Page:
Author portrait © Elias Baker

In Travelling Sprinkler, Nicholson Baker revisits floundering poet Paul Chowder, the protagonist of 2009’s The Anthologist, and finds him abidingly disengaged. Pining for ex-girlfriend Roz, he seeks solace in protest songs, political hand-wringing, garden implements and other passing distractions, including a desire to be taken seriously as a cigar aficionado. Through it all, he has an irrepressible itch to complete a new poetry collection called The Misery Hat, based around the idea that all the world’s sadnesses and wrongdoings may be made visible to everyone. Baker’s highly individual knack for unconventional observation is scored and amplified by the music of Debussy, Tracy Chapman and many others (including Chowder on guitar, bassoon and vocals) as he explores the expansive realms beyond America’s back yards. I catch up with him via a quick Q&A.

MR: How would you describe Travelling Sprinkler in up to 25 words?

NB: Well, let’s see. A minor poet tries to write songs, be a decent person, make sense of life, and help his former girlfriend through her hysterectomy.

How many cigars (and which varieties) were smoked during the making of this book?

Faustos and Bone Crushers were the most helpful cigars I smoked. I don’t know how many – too many. It’s a foul habit. As with playing the bassoon, there’s a lot of saliva involved.

In what ways has The Axis of Awesome’s ‘4 Chords’ (see below) affected your appreciation of popular music?

The simple harmonies of pop music undergird its infinite textural and melodic variability. In a way that’s the moral of ‘4 Chords’. It’s true of a lot of classical music as well.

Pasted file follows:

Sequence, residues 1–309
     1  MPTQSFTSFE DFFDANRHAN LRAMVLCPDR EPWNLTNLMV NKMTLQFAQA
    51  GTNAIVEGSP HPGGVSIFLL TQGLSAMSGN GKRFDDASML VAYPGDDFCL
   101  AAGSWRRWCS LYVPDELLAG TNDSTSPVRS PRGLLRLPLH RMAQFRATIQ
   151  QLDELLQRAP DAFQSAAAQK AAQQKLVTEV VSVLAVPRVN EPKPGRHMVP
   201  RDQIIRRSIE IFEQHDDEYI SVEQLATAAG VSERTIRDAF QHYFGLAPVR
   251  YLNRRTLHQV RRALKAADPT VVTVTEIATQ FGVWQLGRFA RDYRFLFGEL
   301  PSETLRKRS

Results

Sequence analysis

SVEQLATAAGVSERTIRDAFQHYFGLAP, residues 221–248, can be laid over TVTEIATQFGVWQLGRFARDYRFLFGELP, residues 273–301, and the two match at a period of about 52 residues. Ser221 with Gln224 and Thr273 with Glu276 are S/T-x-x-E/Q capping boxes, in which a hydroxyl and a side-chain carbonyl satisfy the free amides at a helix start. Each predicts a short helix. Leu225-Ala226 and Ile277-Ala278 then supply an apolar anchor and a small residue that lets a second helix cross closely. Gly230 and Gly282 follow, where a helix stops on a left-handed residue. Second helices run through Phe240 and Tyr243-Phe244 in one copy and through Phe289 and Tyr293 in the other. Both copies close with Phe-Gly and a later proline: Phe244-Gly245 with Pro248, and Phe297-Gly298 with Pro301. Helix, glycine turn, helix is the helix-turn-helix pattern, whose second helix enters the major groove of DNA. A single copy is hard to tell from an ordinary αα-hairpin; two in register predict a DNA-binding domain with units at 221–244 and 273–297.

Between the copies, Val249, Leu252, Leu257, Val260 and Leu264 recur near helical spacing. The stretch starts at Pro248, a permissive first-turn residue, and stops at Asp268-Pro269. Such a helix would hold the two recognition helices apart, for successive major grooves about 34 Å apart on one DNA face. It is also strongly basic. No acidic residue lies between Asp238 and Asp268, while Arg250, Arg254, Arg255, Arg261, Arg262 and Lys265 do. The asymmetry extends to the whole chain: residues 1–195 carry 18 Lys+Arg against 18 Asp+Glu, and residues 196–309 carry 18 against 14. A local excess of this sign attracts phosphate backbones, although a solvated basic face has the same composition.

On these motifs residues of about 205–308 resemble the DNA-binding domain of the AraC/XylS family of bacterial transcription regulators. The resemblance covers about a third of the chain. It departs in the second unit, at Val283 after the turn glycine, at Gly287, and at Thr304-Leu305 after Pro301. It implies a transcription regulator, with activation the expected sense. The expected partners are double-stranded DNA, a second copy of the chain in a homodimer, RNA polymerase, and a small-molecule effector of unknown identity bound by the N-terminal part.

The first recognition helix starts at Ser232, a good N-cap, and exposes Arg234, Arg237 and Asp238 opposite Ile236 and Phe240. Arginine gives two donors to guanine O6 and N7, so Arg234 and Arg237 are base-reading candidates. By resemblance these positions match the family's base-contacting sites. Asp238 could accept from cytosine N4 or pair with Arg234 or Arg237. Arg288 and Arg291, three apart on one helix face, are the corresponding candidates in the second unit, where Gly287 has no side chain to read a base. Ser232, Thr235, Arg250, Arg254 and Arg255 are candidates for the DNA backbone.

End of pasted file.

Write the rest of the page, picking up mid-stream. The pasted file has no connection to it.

Paul Chowder sets out to write protest songs, but those intentions are put aside in favour of love songs. Did the plotting and writing of the novel follow a similar trajectory?

Yes, what actually happened was that I set out to do a non-fiction book about trying to write a half-decent protest song, and after a few months I discovered I was writing in the voice of my Anthologist alter-ego, Paul Chowder. He’s in love and he’s got moments of political outrage, as we all do, and he’s excited about rediscovering music. The songs happened pretty much in the order that they occur in the book – I recorded the plinking of an egg slicer and eventually used it in a song about a doctor, and I recorded a broom thump and used it in a song with lyrics by Gerard Manley Hopkins. I’m not a good singer, but I like singing, and it was easier to sing in character than to sing as myself.

What are your own favourite protest and love songs?

A few of my favourites are tossed into Travelling Sprinkler: one is Eric Bogle’s ‘Green Fields of France’, as sung by a kid on YouTube who calls himself Kirobaito. Also Tracy Chapman’s ‘Change’, and Mattafix doing ‘Darfur’.

Is ‘The Sunken Cathedral’ Debussy’s greatest work, and why?

Probably his greatest work is La Mer, but ‘The Sunken Cathedral’ gets me every time. His music is uncannily visual, and he understands the sadness of the piano.

Aside from the travelling sprinkler, what is the most impressive innovation in the field of home gardening?

The hose that powers it.

Chowder drives a battered old Kia Rio. What are your preferred wheels?

My Kia died, and now I’m driving my wife’s red Suzuki with 170,000 miles on it. I love this car!

Which musical instruments or music-making software do you play or use?

Apple’s Logic Pro is the main piece of software, with a bunch of plugins. Alchemy, by Camel Software, has a library of hybrid sounds that can be endlessly fiddled with. I have a small keyboard that I can use on a train or a plane.